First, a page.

The old civil rights worker was sure the struggle would be over by now.
He’d fought so hard back in the ’60s. He’d seen the wreckage of burned churches, and the injuries of people who had been beaten. He’d seen men in white hoods. At its worst, he’d mourned three young men who were fighting for Black Mississippians to gain the right to vote, and who were kidnapped and executed on a country road just north of here.
But Charles Johnson, sitting inside the neat brick church in Meridian where he’s been pastor for over 60 years, worries that Mississippi is drifting into its past.
“I would never have thought we’d be where we’re at now, with Blacks still fighting for the vote,” said Johnson, 83, who was close to two of the murdered men. “I would have never believed it.”
The opposition to Black votes in Mississippi has changed since the 1960s, but it hasn’t ended. There are no poll taxes anymore, no tests on the state constitution. But on the eve of the most divisive presidential election in decades, voters face obstacles such as state-mandated ID laws that mostly affect poor and minority communities and the disenfranchisement of tens of thousands of former prisoners. And despite Mississippi having the largest percentage of Black people of any state in the nation, a Jim Crow-era election law has ensured a Black person hasn’t been elected to statewide office in 130 years.
Sometimes, it can seem that voting rights in Mississippi are like its small towns and dirt roads, which can seem frozen in the past.
This story was produced with the support of the Pulitzer Center on Crisis Reporting.
Decades after the murders, the narrow county road where they happened still turns pitch black after dark. Pine forests press in from both sides. The only light comes from a couple distant houses and the ocean of stars overhead.
One night in early October we stopped the car along the road and I stepped out. The songs of crickets filled the air. In the distance, I could hear the occasional truck driving past on Highway 19.
The three of us visited Mississippi as part of a road trip across America, in a year marked by so many convulsions — a pandemic, an economic crisis, countless protests for racial justice, a virulent political divide. We chose Mississippi because we wanted to see what things were like in a state where the simple act of voting was impossible for nearly every Black person well into the 1960s, and because of the three men murdered on that little road.
Even today, voters in Mississippi face a series of government-created barriers that make it, according to a study in the Election Law Journal in 2018, far and away the most difficult state in which to vote.
Mississippi has broad restrictions on absentee voting, no early voting or online registration, absentee ballots that must be witnessed by notaries and voter ID laws that overwhelmingly affect the poor and minorities. Nearly one-third of Black people here live below the poverty line, and taking a day off work to vote can be too expensive.
Then there are felony voting restrictions, which in Mississippi have disenfranchised almost 16 percent of the Black population, researchers say. That compares to just 5 percent in nearby Missouri, another deeply Republican state, according to the Sentencing Project.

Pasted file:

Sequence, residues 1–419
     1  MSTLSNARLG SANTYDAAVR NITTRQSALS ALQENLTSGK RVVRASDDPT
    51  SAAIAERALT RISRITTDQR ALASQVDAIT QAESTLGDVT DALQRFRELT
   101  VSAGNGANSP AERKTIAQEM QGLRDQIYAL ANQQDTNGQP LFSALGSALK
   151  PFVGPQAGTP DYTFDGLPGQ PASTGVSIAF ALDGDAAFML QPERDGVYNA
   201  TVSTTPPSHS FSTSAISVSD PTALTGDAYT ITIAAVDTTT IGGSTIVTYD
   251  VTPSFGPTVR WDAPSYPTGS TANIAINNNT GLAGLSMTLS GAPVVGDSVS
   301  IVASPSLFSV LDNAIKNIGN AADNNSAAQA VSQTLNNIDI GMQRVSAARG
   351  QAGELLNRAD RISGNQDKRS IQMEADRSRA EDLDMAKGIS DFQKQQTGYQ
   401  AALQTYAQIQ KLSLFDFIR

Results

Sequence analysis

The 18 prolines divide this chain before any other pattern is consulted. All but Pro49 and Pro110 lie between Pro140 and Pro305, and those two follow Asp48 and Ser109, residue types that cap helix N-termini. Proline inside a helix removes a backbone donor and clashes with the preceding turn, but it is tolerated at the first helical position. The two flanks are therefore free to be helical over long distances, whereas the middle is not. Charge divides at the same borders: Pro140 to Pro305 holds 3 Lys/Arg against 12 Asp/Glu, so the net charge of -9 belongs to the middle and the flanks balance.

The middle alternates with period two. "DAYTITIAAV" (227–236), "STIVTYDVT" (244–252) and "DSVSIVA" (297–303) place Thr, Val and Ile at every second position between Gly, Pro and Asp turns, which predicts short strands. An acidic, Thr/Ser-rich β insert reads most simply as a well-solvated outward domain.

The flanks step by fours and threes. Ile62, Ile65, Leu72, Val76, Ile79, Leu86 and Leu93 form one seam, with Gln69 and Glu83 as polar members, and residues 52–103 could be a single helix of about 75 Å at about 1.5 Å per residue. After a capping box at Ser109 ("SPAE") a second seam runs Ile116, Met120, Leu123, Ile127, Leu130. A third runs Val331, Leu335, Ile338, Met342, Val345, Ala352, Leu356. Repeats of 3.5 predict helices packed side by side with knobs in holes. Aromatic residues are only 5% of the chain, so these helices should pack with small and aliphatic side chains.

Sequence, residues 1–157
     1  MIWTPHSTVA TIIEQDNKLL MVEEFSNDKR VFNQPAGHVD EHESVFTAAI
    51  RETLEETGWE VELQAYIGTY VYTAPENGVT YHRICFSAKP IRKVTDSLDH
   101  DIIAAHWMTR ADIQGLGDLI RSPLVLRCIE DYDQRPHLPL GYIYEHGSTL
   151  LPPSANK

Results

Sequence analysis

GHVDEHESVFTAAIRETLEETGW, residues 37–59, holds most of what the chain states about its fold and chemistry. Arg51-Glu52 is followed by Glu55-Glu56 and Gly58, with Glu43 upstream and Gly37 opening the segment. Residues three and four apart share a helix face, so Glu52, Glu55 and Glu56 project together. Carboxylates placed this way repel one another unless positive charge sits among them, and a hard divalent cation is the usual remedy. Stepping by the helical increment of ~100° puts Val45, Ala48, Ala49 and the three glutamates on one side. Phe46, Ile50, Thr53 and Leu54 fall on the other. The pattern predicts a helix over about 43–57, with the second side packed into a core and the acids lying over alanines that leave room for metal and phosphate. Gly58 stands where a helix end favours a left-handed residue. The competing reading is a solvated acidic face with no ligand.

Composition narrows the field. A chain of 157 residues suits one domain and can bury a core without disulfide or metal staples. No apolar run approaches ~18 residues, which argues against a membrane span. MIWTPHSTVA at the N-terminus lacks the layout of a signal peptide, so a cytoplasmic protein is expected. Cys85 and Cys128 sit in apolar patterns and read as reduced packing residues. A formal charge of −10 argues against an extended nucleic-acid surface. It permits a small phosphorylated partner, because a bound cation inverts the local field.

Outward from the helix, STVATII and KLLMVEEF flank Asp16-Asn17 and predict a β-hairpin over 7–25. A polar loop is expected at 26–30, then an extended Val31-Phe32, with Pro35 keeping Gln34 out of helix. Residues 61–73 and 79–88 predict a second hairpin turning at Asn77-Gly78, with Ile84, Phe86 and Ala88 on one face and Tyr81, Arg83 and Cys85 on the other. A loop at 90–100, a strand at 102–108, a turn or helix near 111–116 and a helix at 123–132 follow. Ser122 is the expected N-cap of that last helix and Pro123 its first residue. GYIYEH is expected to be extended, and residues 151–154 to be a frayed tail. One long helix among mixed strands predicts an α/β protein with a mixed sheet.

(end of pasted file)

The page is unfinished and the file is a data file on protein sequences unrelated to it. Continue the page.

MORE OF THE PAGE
Distrust of the government runs deep in the Black community in Mississippi, where harsh voter suppression tactics - voting fees, tests on the state constitution, even guessing the number of beans in a jar - kept all but about 6 percent of Black Mississippians from voting into the 1960s. As a result, Black politicians have long been fighting an apathy born of generations of frustration.
Anthony Boggan sometimes votes, but is sitting it out this year, disgusted at the choices.
“They’re all going to tell you the same thing,” he said. “Anything to get elected.”
A 49-year-old Black Jackson resident with a small moving company, Boggan likes how the economy boomed during the Trump years, but can’t bring himself to vote for a man known for his insults and name-calling. As for Biden: He and Trump both “got dementia,” Boggan said, and he hates how the former vice president tries to curry favor in the Black community.
“Why does everything he says got to be about the Black?" he said angrily. “Just have them do all this for the American people!”
One man in the group, which was doing construction on a friend’s house on a recent morning, simply refuses to vote.
“Most of the presidents that got in there, they lied all the way,” said Clyde Lewis, a 59-year-old mechanic. “They hurt us more than they help us.”
That kind of talk is painful for Kim Houston.
“Sometimes I think we beat ourselves,” said Houston, the president of the Meridian City Council, the frustration clear in her voice. “There’s this mindset that (voting) doesn’t matter, that nothing is going to change, that the election system is rigged.”
Black registration and turnout rates are actually reasonably high in Mississippi. In 2016, for example, 81 percent of Black Mississippians were registered and 69 percent turned out to vote. And by some estimates, Mississippi has the highest number of Black officials in the country — but many of them are local, such as mayors, city council members, city officials.
With those officials came significant infrastructure improvements, such as roads paved in Black neighborhoods and sewage systems installed that allowed Black homeowners to finally abandon their outhouses. But in Mississippi, a Black politician can rise only so high, they say, and are kept from those statewide offices.
It all reminds Johnson of the continued difficulties that Black people face in Mississippi when it comes to voting. Johnson has driven a couple of times down the road where the three kidnapped civil rights workers — one Black and two white — were shot at close range by local Klansmen.
“I’m afraid the road is just as crooked now as it was then,” he said.